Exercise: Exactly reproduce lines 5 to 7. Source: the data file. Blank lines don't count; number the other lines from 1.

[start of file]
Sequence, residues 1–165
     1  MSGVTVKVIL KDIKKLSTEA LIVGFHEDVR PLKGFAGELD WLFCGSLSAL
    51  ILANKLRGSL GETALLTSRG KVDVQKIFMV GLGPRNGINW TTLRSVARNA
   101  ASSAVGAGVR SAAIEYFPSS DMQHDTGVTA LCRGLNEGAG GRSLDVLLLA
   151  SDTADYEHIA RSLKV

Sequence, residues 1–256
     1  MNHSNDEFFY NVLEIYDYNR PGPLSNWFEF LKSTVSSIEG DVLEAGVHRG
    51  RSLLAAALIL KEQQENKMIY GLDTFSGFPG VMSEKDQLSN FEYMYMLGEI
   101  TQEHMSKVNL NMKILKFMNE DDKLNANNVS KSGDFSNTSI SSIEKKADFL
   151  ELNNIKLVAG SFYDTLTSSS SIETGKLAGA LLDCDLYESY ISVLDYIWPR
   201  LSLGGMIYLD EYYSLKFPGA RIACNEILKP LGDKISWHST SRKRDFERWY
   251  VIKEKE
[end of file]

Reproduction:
   151  SDTADYEHIA RSLKV

Sequence, residues 1–256
     1  MNHSNDEFFY NVLEIYDYNR PGPLSNWFEF LKSTVSSIEG DVLEAGVHRG